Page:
Various Artists - Broken Hearts & Dirty Windows: Songs of John Prine, Vol. 2 Music Album Reviews

Various Artists - Broken Hearts & Dirty Windows: Songs of John Prine, Vol. 2 Music Album Reviews
A second installment of John Prine covers includes some of the legendary songwriter’s best-known material, illustrating how his legacy—and the definition of Americana—has shifted since 2010.

During the last 10 years of his life, John Prine underwent a profound reappraisal in Nashville. In 2010, when the first installment of Broken Hearts & Dirty Windows was released, he was a niche influence, beloved by many but still considered something of a cult figure. In 2021, however, he’s the granddaddy of left-of-center country music: a benevolently eccentric artist who deftly blended pathos and humor, as well as a businessman who founded and steered Oh Boy Records, one of the longest-running artist-owned indie labels in Nashville. He located a different kind of success and then scribbled out a roadmap on an Arnold’s napkin for subsequent artists who’d been edged out of the mainstream. Especially with his swan song, 2018’s The Tree of Forgiveness, Nashville finally hailed his artistry, his business acumen, and his determined longevity.

During that same decade, the Americana scene has undergone a tectonic shift, with these two tribute albums serving as fine points against which to measure the change. Vol. 1 featured a dozen acts from various scenes, as though “Americana” extended to the art-country croon of Lambchop, the punk-country DIY of the Avett Brothers and the classic-rock swagger of the Drive-By Truckers. Vol. 2, however, suggests that the roots world has grown narrower, suppressing its twang as well as its eccentricities. Most of these covers, especially on the album’s second side, sound stark, solemn, and very, very serious; they’re missing Prine’s wry sense of humor, his beatific sense of wonder.

Partly that’s down to the song choices. The first volume bypassed some of his best-known songs—“Sam Stone,” “Hello in There,” “Paradise”—in favor of deep cuts and fan favorites, allowing the artists to draw on their personal connections with the catalog. This second volume includes all of those best-known songs, suggesting that this generation of artists must contend with Prine as a public figure. John Paul White’s version of “Sam Stone” somehow sounds even graver than the original, turning it into a funeral rather than a protest. Sturgill Simpson fulfills his ancient destiny by covering “Paradise,” and it sounds exactly like you would expect, no more or less.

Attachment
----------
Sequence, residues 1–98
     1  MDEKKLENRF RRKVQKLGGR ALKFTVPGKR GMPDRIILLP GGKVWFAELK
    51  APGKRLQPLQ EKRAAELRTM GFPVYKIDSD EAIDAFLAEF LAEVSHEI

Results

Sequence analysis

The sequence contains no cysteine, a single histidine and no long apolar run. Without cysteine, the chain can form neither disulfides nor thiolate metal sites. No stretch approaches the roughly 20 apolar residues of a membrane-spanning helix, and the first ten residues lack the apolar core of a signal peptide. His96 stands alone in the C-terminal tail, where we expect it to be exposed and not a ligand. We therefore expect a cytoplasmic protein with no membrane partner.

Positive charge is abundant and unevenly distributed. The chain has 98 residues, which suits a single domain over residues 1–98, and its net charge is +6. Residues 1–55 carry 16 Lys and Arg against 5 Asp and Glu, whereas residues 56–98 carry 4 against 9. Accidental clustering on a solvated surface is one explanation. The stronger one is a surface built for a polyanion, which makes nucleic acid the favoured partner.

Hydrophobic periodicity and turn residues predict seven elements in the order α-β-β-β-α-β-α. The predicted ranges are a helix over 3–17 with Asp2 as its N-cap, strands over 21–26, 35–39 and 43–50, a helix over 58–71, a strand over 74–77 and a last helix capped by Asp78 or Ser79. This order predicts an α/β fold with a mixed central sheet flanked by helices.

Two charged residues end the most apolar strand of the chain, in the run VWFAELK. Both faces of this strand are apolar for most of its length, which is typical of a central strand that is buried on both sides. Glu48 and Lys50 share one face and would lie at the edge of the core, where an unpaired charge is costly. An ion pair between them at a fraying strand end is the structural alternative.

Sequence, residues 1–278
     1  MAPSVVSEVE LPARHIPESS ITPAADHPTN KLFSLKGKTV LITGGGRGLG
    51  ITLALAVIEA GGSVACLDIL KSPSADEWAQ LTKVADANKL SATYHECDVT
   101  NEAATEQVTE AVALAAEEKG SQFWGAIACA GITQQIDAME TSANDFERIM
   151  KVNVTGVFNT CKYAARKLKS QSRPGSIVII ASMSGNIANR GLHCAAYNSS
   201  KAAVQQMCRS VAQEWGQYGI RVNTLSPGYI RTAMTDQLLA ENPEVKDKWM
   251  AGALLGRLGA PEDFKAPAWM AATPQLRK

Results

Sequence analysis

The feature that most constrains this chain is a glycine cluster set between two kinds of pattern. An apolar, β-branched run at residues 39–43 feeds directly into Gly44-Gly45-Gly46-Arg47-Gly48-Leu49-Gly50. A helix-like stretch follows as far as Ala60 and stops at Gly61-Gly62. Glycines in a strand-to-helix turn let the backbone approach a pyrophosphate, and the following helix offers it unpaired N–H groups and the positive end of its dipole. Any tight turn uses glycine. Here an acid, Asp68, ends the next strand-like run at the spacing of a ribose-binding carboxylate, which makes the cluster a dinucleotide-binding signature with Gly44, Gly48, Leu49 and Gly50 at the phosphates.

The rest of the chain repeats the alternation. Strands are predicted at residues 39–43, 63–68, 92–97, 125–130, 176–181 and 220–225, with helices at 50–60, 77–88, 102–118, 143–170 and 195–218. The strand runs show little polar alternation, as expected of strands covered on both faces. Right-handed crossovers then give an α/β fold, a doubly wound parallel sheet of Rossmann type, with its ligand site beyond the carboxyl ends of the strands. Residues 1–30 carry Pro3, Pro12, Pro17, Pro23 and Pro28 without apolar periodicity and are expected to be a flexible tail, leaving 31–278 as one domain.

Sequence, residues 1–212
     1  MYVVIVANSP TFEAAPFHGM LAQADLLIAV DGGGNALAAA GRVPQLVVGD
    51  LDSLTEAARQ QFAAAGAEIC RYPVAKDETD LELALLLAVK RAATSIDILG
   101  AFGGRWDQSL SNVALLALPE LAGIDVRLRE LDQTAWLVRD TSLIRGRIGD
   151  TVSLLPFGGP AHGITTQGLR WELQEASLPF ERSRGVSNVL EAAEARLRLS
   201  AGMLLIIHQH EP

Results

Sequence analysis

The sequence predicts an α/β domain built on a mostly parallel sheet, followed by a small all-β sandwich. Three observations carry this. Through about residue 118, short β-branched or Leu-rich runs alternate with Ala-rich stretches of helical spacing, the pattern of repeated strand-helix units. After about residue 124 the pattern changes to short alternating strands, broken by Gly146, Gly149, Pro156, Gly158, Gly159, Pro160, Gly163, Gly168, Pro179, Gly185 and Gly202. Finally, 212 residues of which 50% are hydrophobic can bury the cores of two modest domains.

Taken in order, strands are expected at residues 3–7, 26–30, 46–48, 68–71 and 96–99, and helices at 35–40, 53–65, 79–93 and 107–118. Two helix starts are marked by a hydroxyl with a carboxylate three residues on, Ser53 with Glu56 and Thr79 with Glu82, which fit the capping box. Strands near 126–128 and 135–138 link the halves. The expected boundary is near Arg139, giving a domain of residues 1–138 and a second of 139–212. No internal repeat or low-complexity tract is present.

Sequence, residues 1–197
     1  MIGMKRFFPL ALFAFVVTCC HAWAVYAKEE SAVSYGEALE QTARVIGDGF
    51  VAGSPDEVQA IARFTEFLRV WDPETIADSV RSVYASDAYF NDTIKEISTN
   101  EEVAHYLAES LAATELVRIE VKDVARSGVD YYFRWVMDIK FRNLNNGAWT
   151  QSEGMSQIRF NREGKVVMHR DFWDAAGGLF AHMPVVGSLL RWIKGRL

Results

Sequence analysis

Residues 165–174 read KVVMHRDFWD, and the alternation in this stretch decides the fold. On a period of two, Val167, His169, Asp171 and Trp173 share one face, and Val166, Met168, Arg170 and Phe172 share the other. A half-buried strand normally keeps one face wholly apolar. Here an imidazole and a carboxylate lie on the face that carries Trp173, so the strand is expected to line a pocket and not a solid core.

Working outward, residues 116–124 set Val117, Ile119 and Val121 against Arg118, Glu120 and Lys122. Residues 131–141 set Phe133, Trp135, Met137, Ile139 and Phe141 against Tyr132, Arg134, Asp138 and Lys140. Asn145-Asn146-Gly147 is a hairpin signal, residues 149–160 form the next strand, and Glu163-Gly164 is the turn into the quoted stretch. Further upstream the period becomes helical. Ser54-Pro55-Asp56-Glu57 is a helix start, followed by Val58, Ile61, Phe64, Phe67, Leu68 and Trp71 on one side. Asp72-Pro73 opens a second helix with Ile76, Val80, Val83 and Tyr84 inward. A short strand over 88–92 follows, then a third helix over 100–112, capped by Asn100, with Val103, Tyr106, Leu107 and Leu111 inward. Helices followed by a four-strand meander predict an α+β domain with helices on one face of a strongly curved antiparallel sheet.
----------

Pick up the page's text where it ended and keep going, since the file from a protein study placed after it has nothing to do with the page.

Prine’s peers don’t fare much better. The oldest artist here—Emmylou Harris—gets stuck singing about the loneliness of old people on “Hello in There.” She sings beautifully, but the song needs a younger voice to draw out the empathy and compassion. Bonnie Raitt has been singing “Angel From Montgomery” since before Oh Boy hung out its shingle, but her umpteenth version doesn’t find a new angle on the material. On the other hand, Iris DeMent brings a knowing poignancy to “One Red Rose.” She was Prine’s best duet partner for years, with a voice like an arched eyebrow, so it's heartbreaking to hear her sing one of his songs by herself. Prine’s absence is crushing.

Nathaniel Rateliff invests “Pretty Good” with a preening weirdness that suits the material, and when he gets to the line, “All them gods are just about the same,” he sounds like the Cheshire cat puncturing spiritual pieties with a big grin. Tyler Childers sings “Yes I Guess They Oughta Name a Drink After You” like there’s a barroom brawl going on around him, subverting country drinking songs by sounding slightly sloshed himself. But the best moment here is Amanda Shires’ “Saddle in the Rain,” which adds a mirrorball flair to the muted country funk of the original. By changing the voice from male to female, she teases out some of the sexual implications of Prine’s lyrics (“He could drink my wine and eat me like a sacrament”), adding shrugs and winks, eye rolls and middle fingers. It’s transformative, witty, fun. Too many of the songs on this tribute sound predetermined, as though Prine’s reputation now forestalls any radical reinterpretation, but Shires shows how his songs welcome and even thrive on irreverence.

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Various Artists - Broken Hearts & Dirty Windows: Songs of John Prine, Vol. 2 Music Album Reviews Various Artists - Broken Hearts & Dirty Windows: Songs of John Prine, Vol. 2 Music Album Reviews Reviewed by Wanni Arachchige Udara Madusanka Perera on Tuesday, December 21, 2021 Rating: 5

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